The stoical outlook that Augustus arti­culates in this fictional portrait was widespread in the ancient world for many centuries. It is also a view that gives the lie to any comparison of him with 20th-century dictators. The worst crimes of the past century were committed by tyrants whose visions of the future Augustus would have found incomprehensible or absurd. Whatever his debts to tsarist traditions of despotism, Stalin never renounced the belief that he was building a wholly new type of society. The goals of Hitler’s atrocities, including the mad project of breeding a super-race, were not only to do with his personal power. The crimes of these tyrants served visions of unbounded human possibilities that Augustus would have dismissed as thoroughly childish. That someone who founded one of the largest and longest-lasting empires in history should have such a modest view of human action may seem paradoxical. But this is so only if you project modern hopes – or illusions – back on to a world that knew nothing of them.

What makes Augustus different from 20th-century rulers and those that govern us today is his sceptical mistrust of human reason. In his stimulating introduction to the Vintage Classics edition of Augustus, John McGahern writes that the emperor “put as much faith in superstition as in his intelligence”. Like Williams’s fictional creation, the historical Augustus was a person of formidable intellect. For this very reason, he was able to see that reason can be a dangerously misleading guide when managing human affairs.

Looking into the primitive past, Williams’s Augustus writes: “We shake our heads in wonderment at that time so far removed (we say) from the enlightenment and humanity of the Roman spirit.” Augustus questions whether the rise of Rome is such a great advance. “We tell ourselves that we have become a civilised race, and with a pious horror we speak of those times when a god of the crops demanded the body of a human being for his obscure function.” But Rome had become a more demanding god than those of ancient times, he believed, and in some ways more cruel. There is a lesson here regarding the vast projects to which so many human beings have been sacrificed in modern times.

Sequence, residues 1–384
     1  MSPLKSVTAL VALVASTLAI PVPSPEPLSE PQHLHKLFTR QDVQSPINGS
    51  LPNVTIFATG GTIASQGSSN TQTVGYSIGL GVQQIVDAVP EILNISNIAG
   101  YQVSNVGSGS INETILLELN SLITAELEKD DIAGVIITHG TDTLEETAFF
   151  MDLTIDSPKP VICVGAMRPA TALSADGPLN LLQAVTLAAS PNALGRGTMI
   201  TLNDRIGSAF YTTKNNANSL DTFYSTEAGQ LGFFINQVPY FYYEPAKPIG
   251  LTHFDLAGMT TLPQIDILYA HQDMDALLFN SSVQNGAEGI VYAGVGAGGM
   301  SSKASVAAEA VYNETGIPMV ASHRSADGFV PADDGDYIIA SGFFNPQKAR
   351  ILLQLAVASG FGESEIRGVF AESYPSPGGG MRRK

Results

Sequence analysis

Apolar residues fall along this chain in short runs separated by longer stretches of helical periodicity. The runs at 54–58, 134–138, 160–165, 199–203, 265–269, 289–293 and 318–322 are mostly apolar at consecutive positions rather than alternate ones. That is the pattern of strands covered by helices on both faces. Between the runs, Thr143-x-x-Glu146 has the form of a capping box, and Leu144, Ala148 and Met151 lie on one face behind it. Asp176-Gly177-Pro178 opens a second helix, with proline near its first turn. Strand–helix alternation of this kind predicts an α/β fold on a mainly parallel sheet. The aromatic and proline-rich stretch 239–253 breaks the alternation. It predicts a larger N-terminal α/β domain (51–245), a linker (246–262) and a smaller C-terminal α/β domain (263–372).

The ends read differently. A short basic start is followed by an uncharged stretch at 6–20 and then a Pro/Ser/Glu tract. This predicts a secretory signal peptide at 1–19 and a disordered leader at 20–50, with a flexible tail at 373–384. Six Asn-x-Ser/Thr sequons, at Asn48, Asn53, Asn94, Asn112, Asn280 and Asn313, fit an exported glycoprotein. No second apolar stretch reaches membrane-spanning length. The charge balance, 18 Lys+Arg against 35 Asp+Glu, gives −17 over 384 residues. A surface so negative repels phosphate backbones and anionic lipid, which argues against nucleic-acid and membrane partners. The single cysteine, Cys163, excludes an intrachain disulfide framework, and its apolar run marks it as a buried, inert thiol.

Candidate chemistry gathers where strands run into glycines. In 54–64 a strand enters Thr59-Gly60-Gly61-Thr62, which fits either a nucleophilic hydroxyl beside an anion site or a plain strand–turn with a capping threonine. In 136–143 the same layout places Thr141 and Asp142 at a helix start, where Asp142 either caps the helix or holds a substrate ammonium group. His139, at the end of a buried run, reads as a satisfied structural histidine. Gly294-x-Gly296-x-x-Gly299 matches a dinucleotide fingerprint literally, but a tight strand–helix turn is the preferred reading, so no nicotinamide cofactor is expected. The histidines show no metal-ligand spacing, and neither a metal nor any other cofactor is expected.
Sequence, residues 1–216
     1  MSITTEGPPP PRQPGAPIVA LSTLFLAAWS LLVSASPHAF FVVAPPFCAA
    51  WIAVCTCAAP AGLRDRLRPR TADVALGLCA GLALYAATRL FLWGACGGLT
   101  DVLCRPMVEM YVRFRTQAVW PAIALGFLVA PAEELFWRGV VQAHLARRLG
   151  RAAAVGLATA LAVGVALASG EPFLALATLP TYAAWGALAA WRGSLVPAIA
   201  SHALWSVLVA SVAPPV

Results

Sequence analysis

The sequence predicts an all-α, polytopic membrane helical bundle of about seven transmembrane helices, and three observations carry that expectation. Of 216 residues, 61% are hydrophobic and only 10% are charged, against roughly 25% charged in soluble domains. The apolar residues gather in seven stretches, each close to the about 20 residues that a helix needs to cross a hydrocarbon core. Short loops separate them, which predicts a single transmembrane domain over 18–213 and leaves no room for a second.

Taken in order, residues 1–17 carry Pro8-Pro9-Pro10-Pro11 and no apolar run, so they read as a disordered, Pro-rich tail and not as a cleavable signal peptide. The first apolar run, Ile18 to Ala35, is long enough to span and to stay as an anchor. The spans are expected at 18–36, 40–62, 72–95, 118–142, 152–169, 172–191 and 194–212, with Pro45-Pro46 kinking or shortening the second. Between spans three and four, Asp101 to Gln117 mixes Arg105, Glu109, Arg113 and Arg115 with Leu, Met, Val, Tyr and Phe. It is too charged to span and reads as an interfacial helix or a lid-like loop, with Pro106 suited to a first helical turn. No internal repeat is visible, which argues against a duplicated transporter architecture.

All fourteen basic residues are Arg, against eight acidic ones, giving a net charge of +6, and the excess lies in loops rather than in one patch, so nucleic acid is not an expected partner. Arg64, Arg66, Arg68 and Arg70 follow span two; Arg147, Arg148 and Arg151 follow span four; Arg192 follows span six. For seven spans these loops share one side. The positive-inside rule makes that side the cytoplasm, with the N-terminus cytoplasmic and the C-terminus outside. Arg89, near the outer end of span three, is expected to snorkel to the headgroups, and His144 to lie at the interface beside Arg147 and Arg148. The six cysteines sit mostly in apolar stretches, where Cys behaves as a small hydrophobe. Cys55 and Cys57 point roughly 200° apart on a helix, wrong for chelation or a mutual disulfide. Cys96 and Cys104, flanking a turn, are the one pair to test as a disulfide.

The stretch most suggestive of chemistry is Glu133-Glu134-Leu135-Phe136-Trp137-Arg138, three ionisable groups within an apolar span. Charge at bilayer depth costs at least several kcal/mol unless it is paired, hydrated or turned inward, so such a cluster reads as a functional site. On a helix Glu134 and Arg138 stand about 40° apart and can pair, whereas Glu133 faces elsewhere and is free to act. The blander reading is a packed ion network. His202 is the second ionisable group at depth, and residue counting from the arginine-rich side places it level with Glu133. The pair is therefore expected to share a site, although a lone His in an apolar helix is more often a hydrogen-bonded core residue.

Happily Williams was not, in the end, a writer of ideas. His books are not edifying lectures dressed up as fiction. What he does is give access to the lives of others. This novel of an aged emperor will be intensely illuminating to anyone who is ready to put modern morality aside for a moment in order to acquire a little knowledge of himself or herself. Augustus and Julia inhabit a world that shared none of the grand hopes that nowadays are supposed to be definitively human. But the Roman emperor and his daughter were human all the same, facing conflicts between ambition and family, self-realisation and ideal commitment not greatly different from those with which many people struggle today. The genius of this astonishing American writer is that he shows how lives that seem utterly strange can be very like our own. 

John Gray is the New Statesman’s lead book reviewer. His latest book, “The Silence of Animals: On Progress and Other Modern Myths”, is published by Penguin (£9.99)

John Gray is the New Statesman’s lead book reviewer. His latest book is The Soul of the Marionette: A Short Enquiry into Human Freedom.

This article first appeared in the 20 August 2014 issue of the New Statesman, What the Beatles did for Britain

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Leader: Mark Carney — a rock star banker feels the heat

Rather than mutual buck-passing, politicians and central bankers must collaborate in good faith.

On 24 June, the day after the EU referendum, the United Kingdom resembled a leaderless state. David Cameron promptly resigned as prime minister after his humiliating defeat. His closest ally, George Osborne, retreated to the safety and silence of the Treasury. Labour descended into open warfare; meanwhile, the leaders of the Leave campaign appeared terrified by the challenge confronting them and were already plotting and scheming against one another.